To understand what was unique about Repton it is useful to examine how he differed from Brown in more detail. Brown worked for many of the wealthiest aristocrats in Britain, carving huge landscape parks out of old formal gardens and agricultural land. While Repton worked for equally important clients, such as the Dukes of Bedford and Portland, he was usually fine-tuning earlier work, often that of Brown himself. Where Repton got the chance to lay out grounds from scratch it was generally on a much more modest scale. On these smaller estates, where Brown would have surrounded the park with a continuous perimeter belt, Repton cut vistas through to 'borrowed' items such as church towers, making them seem part of the designed landscape (coincidentally a concept common in East Asian gardening). He contrived approach drives and lodges to enhance impressions of size and importance, and even introduced monogrammed milestones on the roads around some estates, for which he was satirised by Thomas Love Peacock as 'Marmaduke Milestone, esquire, a Picturesque Landscape Gardener' in Headlong Hall.

Around 1787, Richard Page (1748–1803), landowner of Sudbury, to the west of Wembley decided to convert the Page family home 'Wellers' into a country seat and turn the fields around it into a private estate. In 1792 Page employed Humphry Repton, by then famous as a landscape architect, to convert the previous farmland into wooded parkland and to make improvements to the house.[3] Repton often called the areas he landscaped 'parks', and so it is to Repton that Wembley Park owes its name. The original site that Repton so transformed was later built on in the construction of the short-lived Watkin's Tower, intended to be taller than the Eiffel Tower in Paris.[4] The area landscaped by Repton was larger than the current Wembley Park. It included the southern slopes of Barn Hill to the north, where Repton planted trees and started building a 'prospect house' – a Gothic tower offering a view over the parkland.[3][5][6] Repton may also have designed the thatched lodge that survives on Wembley Hill Road, to the west of Wembley Park. It is in the cottage orné style frequently used by Repton. Regrettably, Repton's Red Book for Wembley Park, which would give a definitive answer, has not survived.[5][7]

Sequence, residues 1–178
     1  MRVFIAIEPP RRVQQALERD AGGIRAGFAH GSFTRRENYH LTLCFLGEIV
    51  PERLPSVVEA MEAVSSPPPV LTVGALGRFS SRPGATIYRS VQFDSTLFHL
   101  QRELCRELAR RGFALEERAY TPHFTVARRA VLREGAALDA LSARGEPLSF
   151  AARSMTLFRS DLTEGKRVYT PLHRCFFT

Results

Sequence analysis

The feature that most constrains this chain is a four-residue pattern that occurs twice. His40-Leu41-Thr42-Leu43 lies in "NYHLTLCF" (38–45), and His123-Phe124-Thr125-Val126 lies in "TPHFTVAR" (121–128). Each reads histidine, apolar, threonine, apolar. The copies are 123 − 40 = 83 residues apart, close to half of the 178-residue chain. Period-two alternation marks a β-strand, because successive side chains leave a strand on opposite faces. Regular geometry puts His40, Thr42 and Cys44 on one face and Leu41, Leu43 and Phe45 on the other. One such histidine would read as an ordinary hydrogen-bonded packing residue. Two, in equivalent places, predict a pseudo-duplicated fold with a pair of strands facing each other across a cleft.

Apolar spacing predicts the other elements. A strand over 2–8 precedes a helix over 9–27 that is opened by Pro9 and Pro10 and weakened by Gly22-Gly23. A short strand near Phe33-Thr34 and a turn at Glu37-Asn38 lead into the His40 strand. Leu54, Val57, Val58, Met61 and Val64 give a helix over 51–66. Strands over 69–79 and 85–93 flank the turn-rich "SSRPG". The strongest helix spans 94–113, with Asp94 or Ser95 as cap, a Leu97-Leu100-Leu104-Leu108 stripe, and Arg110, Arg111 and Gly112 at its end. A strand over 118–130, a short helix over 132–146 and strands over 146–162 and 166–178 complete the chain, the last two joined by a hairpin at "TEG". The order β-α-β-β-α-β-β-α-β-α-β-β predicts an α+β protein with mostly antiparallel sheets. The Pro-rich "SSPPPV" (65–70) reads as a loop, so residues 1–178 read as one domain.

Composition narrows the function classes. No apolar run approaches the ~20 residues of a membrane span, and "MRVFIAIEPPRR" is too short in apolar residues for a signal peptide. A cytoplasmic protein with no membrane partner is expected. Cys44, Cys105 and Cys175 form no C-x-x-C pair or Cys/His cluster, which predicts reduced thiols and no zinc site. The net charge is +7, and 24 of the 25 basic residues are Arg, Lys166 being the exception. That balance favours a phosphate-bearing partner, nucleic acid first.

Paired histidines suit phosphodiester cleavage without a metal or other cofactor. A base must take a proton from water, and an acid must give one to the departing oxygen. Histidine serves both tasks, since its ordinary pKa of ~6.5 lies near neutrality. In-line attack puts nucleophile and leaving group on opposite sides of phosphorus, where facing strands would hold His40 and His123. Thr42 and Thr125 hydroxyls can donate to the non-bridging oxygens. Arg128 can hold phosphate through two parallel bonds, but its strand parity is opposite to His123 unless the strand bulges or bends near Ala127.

Illustration of Wentworth Woodhouse, South Yorkshire before proposed landscaping
Illustration of Wentworth Woodhouse, South Yorkshire after proposed landscaping

Capability Brown was a large-scale contractor, who not only designed, but also arranged the realisation of his work. By contrast, Repton acted as a consultant, charging for his Red Books and sometimes staking out the ground, but leaving his client to arrange the actual execution. Thus many of Repton's 400 or so designs remained wholly or partially unexecuted and, while Brown became very wealthy, Repton's income was never more than comfortable.

Early in his career, Repton defended Brown's reputation during the 'picturesque controversy'. In 1794 Richard Payne Knight and Uvedale Price simultaneously published vicious attacks on the 'meagre genius of the bare and bald', criticising his smooth, serpentine curves as bland and unnatural and championing rugged and intricate designs, composed according to 'picturesque' principles of landscape painting. Repton's defence of Brown rested partly on the impracticality of many picturesque ideas; as a professional, Repton had to produce practical and useful designs for his clients.

Paradoxically, however, as his career progressed Repton drew more and more on picturesque ideas. One major criticism of Brown's landscapes was the lack of a formal setting for the house, with rolling lawns sweeping right up to the front door. Repton re-introduced formal terraces, balustrades, trellis work and flower gardens around the house in a way that became common practice in the nineteenth century. He also designed one of the most famous 'picturesque' landscapes in Britain at Blaise Castle, near Bristol. At Woburn Abbey, Repton foreshadowed another nineteenth-century development, creating themed garden areas including a Chinese garden, American garden, arboretum and forcing garden. At Stoneleigh Abbey in 1808, Repton foreshadowed another nineteenth-century development, creating a perfect cricket pitch called 'home lawn' in front of the west wing, and a bowling green lawn between the gatehouse and the house.